Yield management strategies need to keep pace with semiconductor innovation

Erik Smith, President, Qcept Technologies, Atlanta, GA USA

The semiconductor industry will be challenged in 2009. The economic crisis in the U.S. and around the globe has led to weakened demand for PCs and consumer electronic products, as well as corporate IT investments, all of which fuel IC consumption. Amid the gloomy outlook on IC demand in the coming quarters, many chip manufacturers are cutting back on their investments to build capacity. However, it is at this time — when demand is at its softest — that the wisest of chip manufacturers are continuing to make strategic investments in new manufacturing technologies and methodologies in order to position themselves to quickly ramp up on new chip designs when semiconductor demand inevitably swings upward once again.

In past downturns, the nature of these technology investments skewed heavily toward design shrinks as the primary driver for device performance improvements. Now however, we are seeing the escalating cost of lithography pushing the leading chip manufacturers toward the integration of new materials into their manufacturing processes as an important lever. These new materials, such as high-k and low-k dielectrics, metal gates and advanced photoresists, improve the performance of their devices and increase average selling prices (ASPs) on their shipped products. As always, each new material and the added process steps associated with its introduction requires yield learning in order to bring the new process into maturity. Thus, yield management remains an investment priority for the top semiconductor manufacturers regardless of the stage of the cycle in which the industry finds itself.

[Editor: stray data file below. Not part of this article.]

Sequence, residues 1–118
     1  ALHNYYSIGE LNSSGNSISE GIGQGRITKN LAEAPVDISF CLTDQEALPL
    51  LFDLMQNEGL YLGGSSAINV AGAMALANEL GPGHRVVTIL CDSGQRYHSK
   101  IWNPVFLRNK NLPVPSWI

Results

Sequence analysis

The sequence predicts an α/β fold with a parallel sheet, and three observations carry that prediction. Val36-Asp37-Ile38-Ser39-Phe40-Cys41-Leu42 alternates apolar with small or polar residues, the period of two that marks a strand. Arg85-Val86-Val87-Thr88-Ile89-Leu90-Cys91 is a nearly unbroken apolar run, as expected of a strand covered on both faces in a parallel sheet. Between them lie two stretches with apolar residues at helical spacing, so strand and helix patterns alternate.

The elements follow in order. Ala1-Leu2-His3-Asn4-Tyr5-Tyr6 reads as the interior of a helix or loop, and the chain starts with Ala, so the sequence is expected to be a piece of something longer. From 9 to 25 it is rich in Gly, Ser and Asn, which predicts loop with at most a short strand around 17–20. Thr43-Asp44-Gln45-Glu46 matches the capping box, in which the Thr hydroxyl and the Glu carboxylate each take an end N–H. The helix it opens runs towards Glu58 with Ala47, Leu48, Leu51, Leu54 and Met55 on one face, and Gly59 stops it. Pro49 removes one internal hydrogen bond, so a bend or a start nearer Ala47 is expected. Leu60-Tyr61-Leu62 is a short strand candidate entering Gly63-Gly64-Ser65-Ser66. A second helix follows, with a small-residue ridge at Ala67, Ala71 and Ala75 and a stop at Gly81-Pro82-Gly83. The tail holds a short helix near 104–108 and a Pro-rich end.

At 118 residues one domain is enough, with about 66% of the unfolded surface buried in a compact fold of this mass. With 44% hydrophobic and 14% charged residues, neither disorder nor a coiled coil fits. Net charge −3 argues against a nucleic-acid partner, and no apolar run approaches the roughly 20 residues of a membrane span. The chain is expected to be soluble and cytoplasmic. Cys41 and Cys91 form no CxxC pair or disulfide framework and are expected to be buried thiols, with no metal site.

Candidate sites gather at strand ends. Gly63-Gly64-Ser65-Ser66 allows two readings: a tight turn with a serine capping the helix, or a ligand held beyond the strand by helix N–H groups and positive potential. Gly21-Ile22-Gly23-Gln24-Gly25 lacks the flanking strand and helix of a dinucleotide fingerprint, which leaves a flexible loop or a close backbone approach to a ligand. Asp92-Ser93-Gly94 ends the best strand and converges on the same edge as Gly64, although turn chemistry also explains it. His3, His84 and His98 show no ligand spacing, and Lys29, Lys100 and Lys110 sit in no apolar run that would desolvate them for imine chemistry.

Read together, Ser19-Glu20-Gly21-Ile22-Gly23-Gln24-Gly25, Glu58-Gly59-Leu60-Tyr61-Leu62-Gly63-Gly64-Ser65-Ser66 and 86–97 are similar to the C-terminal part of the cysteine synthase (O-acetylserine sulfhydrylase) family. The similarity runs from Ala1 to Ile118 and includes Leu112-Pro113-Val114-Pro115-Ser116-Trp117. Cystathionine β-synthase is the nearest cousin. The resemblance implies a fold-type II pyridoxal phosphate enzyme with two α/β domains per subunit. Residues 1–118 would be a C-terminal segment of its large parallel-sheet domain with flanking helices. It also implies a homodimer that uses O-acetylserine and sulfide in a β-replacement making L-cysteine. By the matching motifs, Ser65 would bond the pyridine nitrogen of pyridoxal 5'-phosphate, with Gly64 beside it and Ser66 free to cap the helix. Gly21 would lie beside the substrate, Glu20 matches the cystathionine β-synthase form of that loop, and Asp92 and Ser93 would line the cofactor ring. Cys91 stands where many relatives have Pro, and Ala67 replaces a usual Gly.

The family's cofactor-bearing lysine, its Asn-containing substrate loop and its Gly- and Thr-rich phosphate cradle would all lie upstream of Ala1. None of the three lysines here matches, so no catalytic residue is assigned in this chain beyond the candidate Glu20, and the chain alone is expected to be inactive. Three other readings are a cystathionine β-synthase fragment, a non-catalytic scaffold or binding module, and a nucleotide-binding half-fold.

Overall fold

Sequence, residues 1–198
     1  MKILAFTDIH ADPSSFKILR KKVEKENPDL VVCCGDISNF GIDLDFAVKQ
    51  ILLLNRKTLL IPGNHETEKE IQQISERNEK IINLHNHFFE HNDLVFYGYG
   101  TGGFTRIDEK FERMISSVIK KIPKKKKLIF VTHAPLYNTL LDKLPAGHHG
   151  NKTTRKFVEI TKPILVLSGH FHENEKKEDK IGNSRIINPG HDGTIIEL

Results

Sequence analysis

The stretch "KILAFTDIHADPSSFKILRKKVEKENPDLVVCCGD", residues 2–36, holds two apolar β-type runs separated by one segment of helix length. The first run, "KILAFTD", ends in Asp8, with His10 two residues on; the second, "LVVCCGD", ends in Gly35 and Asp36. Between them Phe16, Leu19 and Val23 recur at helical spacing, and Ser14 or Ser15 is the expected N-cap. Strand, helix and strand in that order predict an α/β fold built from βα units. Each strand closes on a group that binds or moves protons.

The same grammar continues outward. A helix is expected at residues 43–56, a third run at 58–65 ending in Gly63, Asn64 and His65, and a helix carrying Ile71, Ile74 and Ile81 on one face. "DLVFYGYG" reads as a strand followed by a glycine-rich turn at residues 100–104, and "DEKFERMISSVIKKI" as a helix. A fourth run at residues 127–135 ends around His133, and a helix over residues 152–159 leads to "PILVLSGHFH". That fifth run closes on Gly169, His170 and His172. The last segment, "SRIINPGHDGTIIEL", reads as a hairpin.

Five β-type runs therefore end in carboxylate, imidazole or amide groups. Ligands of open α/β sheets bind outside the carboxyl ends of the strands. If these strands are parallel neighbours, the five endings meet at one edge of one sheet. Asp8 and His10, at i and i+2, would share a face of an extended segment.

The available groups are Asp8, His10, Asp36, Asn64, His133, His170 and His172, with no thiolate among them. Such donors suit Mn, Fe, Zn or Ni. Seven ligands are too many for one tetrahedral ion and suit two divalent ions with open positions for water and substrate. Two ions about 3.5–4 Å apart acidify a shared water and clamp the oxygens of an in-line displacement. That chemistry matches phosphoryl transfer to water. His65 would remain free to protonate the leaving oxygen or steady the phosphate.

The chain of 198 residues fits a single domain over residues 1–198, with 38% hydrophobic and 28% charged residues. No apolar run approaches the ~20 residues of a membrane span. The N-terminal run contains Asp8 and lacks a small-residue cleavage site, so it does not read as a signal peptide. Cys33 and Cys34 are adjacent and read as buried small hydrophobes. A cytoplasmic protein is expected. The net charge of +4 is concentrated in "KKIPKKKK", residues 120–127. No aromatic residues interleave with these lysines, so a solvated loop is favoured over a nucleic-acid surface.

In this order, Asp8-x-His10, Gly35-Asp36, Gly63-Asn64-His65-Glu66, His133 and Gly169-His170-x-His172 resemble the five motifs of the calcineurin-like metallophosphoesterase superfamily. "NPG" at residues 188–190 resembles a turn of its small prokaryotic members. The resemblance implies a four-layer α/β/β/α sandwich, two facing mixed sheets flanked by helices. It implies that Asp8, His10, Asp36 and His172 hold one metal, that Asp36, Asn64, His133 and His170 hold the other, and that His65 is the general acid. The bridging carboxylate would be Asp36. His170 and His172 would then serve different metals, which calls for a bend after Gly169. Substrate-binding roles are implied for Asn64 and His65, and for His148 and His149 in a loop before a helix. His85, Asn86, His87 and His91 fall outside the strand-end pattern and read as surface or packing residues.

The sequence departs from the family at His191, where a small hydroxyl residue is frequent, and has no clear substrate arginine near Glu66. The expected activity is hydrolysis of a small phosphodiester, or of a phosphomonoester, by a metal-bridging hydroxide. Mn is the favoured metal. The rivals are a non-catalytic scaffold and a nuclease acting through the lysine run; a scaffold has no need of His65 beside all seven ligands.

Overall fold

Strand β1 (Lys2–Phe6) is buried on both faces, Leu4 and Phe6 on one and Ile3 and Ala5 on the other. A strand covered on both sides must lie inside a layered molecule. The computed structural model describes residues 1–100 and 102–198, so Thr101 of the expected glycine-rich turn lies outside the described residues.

However, in the same way that there is a rethinking of how to drive performance improvements, a rethinking of traditional yield management strategies is also underway. These new materials and processes rely on very tight tolerances on surface condition in order to reap their performance benefits. This increases the importance of controlling non visual defects, such as submonolayer organics and metallics, and process-induced charge, which arise from repeated surface prep and cleaning process steps, and which cannot be detected through traditional inspection methods.

Just as we are seeing “out of the box” thinking in terms of how to drive device performance, we are seeing the same in terms of yield management. By making technology investments now, the industry will have the infrastructure required to raise volume yields in this new era of materials and process innovation that will fuel performance growth in 2009 and beyond.


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